It classifies itself as the following: “Jekyll is a blog-aware, static site generator in Ruby.”
I’m not exactly sure what all of that means but many people have started using it as a blogging system, where it has features such as permalinks, categories, pages, posts, and custom layouts for your content.
Well, it’s been a while since the last update – February of this year in fact, so this is a major release (obviously) finally sporting the full 1.0 title.
Parker J. Moore, one of the core developers on the project now, shared a few insights into his experience and how all of this came about:
As many of you know, Jekyll lay mostly stagnant for quite some time. At 0.11.2 and 0.12.0, it was pretty stable. It had some annoying bugs, but nothing much that couldn’t be worked around or monkey-patched.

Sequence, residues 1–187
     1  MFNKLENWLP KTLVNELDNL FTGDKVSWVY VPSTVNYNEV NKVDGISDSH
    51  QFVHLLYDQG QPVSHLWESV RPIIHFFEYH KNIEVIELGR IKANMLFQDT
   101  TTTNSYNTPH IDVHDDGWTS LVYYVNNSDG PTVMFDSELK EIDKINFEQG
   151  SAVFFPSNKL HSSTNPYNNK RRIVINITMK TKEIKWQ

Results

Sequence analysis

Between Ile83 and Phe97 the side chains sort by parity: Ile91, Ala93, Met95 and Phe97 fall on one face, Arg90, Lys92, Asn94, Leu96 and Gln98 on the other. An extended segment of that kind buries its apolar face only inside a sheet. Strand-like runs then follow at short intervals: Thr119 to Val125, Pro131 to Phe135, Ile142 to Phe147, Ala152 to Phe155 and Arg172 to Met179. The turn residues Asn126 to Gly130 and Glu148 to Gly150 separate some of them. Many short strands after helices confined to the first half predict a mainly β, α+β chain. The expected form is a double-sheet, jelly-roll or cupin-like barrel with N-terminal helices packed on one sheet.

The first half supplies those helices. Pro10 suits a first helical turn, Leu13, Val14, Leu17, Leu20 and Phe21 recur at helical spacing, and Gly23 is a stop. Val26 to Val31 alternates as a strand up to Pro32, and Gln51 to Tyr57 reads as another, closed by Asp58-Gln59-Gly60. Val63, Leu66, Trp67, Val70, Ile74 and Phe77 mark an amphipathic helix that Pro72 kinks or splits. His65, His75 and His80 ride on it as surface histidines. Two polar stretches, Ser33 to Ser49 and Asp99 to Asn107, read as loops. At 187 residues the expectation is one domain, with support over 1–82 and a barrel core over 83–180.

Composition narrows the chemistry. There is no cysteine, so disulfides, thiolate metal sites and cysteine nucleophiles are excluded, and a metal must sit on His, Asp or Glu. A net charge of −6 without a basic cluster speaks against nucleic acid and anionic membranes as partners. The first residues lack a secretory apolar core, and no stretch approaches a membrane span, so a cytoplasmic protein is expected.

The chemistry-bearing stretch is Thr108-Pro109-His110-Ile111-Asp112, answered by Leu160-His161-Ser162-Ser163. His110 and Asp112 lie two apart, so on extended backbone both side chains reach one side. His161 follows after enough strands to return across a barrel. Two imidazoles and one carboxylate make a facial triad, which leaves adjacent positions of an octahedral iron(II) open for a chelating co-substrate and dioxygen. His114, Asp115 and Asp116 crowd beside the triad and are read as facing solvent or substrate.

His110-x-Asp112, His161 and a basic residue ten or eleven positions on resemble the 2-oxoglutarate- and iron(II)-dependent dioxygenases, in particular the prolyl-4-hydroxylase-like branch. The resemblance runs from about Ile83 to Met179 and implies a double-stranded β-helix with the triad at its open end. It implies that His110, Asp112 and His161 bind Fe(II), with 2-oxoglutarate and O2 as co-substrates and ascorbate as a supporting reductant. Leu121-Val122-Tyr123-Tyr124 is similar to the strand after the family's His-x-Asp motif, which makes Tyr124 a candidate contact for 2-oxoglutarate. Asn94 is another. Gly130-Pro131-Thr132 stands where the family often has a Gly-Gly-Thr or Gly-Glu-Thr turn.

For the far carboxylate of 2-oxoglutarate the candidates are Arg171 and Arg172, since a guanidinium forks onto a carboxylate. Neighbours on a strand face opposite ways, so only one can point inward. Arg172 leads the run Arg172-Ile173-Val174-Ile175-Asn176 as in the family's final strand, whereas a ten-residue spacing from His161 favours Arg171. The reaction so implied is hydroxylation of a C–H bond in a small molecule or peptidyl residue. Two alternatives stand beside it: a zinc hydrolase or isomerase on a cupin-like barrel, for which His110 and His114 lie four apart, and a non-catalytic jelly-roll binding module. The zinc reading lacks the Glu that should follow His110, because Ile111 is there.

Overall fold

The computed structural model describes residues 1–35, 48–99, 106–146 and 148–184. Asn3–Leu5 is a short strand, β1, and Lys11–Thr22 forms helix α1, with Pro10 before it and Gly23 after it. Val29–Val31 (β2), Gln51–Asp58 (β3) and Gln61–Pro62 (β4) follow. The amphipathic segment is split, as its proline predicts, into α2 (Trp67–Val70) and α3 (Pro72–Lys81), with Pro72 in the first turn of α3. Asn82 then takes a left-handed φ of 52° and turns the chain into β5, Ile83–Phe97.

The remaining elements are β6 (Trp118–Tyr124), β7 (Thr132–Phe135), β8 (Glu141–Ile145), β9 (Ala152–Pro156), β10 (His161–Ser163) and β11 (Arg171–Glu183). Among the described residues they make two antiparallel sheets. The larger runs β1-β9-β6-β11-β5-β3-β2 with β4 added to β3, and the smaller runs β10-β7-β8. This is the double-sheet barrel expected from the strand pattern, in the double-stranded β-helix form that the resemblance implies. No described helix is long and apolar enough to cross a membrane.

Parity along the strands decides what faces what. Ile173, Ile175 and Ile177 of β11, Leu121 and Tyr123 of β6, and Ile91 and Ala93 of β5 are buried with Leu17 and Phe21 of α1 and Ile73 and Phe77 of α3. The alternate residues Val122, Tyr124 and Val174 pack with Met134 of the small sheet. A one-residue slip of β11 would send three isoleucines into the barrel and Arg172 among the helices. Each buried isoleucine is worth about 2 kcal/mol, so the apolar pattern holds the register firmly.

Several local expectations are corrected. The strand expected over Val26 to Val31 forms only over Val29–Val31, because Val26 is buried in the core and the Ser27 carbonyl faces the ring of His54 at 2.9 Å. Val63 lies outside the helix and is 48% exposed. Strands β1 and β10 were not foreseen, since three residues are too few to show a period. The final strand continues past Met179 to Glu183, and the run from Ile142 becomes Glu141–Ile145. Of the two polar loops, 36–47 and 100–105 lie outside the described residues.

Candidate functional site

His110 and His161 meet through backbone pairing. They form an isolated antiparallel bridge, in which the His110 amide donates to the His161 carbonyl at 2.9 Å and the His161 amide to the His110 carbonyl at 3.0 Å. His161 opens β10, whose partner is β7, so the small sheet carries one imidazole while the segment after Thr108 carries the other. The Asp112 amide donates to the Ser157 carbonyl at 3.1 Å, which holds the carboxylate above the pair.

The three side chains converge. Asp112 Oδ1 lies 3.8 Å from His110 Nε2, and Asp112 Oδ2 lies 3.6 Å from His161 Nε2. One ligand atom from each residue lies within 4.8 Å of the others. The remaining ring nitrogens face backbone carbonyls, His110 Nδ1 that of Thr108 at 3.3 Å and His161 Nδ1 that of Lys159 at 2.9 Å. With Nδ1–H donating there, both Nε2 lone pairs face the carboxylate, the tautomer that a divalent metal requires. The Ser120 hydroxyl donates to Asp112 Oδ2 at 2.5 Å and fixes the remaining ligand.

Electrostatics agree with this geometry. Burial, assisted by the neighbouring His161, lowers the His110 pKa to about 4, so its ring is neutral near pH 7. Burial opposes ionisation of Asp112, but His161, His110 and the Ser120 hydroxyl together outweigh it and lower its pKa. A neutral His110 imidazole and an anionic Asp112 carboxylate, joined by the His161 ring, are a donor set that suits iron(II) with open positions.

After using Jekyll last summer to help build Cornell’s College of Agriculture and Life Sciences website, I took a renewed interest in seeing this project move forward. Last December, Tom answered my offers to help with the development of Jekyll by adding me as a contributor.
I’m happy to say that it has come a long way since then, and I’m very proud to be a part of a team that has pushed this project to new heights.
Congrats to the team and for all those who contributed to get this 1.0 out the door! For those that are interested in looking into Jekyll as RnD you may find it refreshing how simple and elegant of a solution Jekyll really is.